Pneumonia is an infection that occurs in one or both lungs. Symptoms, including a cough with phlegm, are caused when air sacs fill with fluid or pus. Pneumonia is more serious in children and adults over the age of 65. An ordinary case of pneumonia can take up to three days to subside, according to the National Heart, Lung and Blood Institute. While there's no official diet for this type for lung infection, eating certain foods can ease or even aggravate symptoms.
The most common symptoms of pneumonia, according to the Mayo Clinic, include fever, cough, shortness of breath, body temperature fluctuations, breathing-induced chest pain, headache, muscle pain, fatigue and mucus in the lungs. Older people often experience lower than normal body temperature.
The Mayo Clinic suggests drinking plenty of fluids, specifically water, to loosen mucus in your lungs. Drinking will also prevent dehydration, which causes headaches. A dehydrated atmosphere is also a good place for viruses and bacteria to multiply, according to Wendy Hodsdon, a Portland, Oregon-based neuropathic doctor. Water also helps flush out toxins.
What to Feed a Fever
People with a fever typically aren't hungry, according to Hodsdon. A fever is the result of the body working to kill a virus or bacterial infection. When your temperature rises, enzymes in cells can work faster. Not eating, along with drinking lots of water, actually helps your body fight the infection more efficiently. Loss of appetite during a fever may be your body's way of signaling that it doesn't need food. You should also reduce your sugar intake, which can hasten the white blood cell's ability to kill bacteria. As soon as your fever subsides, your appetite should return.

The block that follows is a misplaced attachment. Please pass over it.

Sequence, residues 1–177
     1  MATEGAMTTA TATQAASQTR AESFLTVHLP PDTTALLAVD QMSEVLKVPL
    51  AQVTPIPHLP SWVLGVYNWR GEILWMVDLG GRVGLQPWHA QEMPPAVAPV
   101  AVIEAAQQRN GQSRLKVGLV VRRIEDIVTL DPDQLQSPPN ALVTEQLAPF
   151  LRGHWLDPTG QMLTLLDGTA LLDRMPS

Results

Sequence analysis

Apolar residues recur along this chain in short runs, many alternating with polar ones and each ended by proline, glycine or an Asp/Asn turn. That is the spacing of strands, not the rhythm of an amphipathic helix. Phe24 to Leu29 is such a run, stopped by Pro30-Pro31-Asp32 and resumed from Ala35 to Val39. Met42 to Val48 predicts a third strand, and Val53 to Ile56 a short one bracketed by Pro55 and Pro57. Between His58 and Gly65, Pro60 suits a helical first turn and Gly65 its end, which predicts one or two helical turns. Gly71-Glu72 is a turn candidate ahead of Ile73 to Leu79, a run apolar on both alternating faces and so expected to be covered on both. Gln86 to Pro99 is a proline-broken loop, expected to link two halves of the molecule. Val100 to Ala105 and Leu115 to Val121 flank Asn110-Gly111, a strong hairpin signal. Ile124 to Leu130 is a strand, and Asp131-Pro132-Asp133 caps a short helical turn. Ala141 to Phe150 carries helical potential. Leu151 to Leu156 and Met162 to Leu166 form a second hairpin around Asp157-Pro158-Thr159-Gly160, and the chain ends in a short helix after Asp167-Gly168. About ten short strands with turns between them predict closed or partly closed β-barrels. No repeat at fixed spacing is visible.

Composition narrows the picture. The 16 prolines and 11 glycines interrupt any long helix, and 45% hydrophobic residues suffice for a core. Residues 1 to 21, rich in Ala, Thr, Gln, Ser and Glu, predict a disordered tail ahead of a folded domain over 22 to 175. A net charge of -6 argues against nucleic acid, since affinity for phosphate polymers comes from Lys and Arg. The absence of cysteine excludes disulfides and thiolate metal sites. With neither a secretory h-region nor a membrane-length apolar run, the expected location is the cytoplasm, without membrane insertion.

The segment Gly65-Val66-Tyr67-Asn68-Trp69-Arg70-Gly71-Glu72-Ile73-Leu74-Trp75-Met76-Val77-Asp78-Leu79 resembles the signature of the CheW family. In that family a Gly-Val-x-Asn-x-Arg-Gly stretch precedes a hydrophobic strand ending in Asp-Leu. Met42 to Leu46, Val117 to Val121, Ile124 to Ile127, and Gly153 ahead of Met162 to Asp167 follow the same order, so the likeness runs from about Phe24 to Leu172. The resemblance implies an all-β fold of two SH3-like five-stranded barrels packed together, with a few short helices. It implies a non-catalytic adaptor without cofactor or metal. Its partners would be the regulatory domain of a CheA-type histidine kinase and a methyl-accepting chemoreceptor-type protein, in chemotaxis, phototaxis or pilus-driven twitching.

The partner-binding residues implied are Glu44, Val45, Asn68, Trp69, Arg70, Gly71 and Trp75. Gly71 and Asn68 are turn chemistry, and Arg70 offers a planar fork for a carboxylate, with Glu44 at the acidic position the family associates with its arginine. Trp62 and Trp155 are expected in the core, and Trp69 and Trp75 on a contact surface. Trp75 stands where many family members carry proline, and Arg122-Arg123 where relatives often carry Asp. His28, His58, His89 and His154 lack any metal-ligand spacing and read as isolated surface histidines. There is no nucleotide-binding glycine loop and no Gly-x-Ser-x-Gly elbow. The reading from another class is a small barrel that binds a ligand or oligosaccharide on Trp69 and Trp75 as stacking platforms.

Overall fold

Probiotics could prevent pneumonia-causing bacteria from multiplying. In 2008, the BBC News reported that Swedish patients at risk of developing pneumonia reacted better when given probiotics compared to those patients who were administered normal antiseptics. Probiotics are a type of bacteria naturally present in fermented foods like pickles and yogurt. Even if probiotics do not have any effect on your symptoms, foods containing the active cultures have been linked to preventing side effects from antibiotics, which are often prescribed for the treatment of pneumonia. According to "The New York Times," foods with active acidophilus cultures can help restore healthy bacteria in the gut.
- National Heart, Lung and Blood Institute: What is Pneumonia?; March 2011
- The Diet Channel: Sick with Fever: What Should You Eat?; Wendy Hodsdon, ND
- BBC News: Probiotics May Stop Pneumonia; November 2008
- "The New York Times"; Pneumonia Medications; April 2008
- MayoClinic.com: Pneumonia: Lifestyle and Home Remedies; May 2011